• This will allow you to monitor remuneration on individual positions transparently and benchmark it against salary grades on the market.
  • Use performance-based rewarding system aligned with performance evaluation in a transparent way.
  • Identify activities which you are able to cover by, for example, part-time work.
  • Identify whether your benefits portfolio is well-established; evaluate the efficiency and adequacy of benefits and focus on their tax optimisation.
 
Analysis and optimisation of training and development cost
Is your spending on training and development efficient?
  • Analyse training and development costs.
  • Focus on the benefits of training and development activities and their alignment with the needs of the company.
  • Think about skills and capabilities required from key and other employees.
  • Diversify education for individual positions and employees so as to educate them in those areas which are important for the company.
  • Focus on alternative methods of development (internal training rather than external training, coaching and mentoring by experienced colleagues, internal work groups and project teams, etc.), possibly on alternative sources used to fund training/development activities.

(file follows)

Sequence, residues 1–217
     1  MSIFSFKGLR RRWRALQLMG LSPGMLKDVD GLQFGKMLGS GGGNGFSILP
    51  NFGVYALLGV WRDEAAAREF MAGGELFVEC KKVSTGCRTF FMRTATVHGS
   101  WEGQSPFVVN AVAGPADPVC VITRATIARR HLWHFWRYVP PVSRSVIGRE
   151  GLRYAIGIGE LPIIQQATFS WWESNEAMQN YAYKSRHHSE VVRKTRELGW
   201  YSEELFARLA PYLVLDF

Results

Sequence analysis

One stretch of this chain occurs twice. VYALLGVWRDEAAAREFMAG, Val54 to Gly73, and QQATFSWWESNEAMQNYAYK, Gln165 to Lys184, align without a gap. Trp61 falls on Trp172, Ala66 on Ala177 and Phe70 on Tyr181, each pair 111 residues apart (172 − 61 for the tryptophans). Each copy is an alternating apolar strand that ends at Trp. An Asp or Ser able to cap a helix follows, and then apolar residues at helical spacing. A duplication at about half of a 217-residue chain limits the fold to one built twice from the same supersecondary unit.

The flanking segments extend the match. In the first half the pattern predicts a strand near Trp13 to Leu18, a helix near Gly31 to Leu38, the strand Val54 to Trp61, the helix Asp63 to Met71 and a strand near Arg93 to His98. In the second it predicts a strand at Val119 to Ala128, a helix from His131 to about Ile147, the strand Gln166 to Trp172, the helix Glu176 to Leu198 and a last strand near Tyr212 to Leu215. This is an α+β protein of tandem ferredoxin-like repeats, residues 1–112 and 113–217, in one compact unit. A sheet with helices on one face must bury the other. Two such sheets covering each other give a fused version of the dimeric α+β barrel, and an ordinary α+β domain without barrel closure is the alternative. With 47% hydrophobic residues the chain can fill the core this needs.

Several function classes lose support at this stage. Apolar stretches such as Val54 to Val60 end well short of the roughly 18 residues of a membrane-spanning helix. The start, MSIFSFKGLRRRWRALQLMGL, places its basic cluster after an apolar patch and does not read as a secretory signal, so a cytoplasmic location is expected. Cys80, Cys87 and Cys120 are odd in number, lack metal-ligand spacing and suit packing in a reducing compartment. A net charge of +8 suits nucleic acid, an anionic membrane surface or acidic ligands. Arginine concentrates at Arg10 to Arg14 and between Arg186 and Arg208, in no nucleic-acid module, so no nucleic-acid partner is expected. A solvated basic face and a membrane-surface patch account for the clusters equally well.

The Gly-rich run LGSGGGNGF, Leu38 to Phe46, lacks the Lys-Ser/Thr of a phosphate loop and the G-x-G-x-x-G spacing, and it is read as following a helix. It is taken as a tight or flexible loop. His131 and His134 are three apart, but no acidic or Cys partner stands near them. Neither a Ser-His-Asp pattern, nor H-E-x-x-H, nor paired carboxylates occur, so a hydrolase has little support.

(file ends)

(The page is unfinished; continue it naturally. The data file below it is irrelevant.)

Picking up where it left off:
• Do not forget to align your training activities with other HR processes in the company such as evaluation and measurements of return on the development investment.
Analysis and optimisation of HR services providers costs
Do you provide HR services internally or do you outsource certain HR services such as payroll, recruitment, etc.? Are these services efficient?
  • Identify costs of individual HR processes and benchmark it against the fees of external HR service providers.
  • Assess the efficiency of these processes and propose measures to optimise costs.
  • Consider all advantages and disadvantages of HR services outsourcing; focus mainly on the administrative burden associated with them, possible risk on the part of the supplier, and define your savings expectations.
Medium-term activities to streamline processes and infrastructure and optimise internal sources
Timing: up to 6 months
Corporate performance improvement: 10–20 percent
Process and organizational optimization of HR